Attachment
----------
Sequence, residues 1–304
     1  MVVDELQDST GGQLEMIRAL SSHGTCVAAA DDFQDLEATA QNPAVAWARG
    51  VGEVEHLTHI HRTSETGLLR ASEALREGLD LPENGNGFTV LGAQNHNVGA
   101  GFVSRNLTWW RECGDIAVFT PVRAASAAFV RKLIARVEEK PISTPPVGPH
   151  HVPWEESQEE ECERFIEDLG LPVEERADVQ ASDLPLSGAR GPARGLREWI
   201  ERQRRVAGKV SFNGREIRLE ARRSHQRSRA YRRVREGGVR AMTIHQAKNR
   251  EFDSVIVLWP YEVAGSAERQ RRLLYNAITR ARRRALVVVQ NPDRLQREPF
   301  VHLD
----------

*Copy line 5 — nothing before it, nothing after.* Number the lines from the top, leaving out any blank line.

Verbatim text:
   151  HVPWEESQEE ECERFIEDLG LPVEERADVQ ASDLPLSGAR GPARGLREWI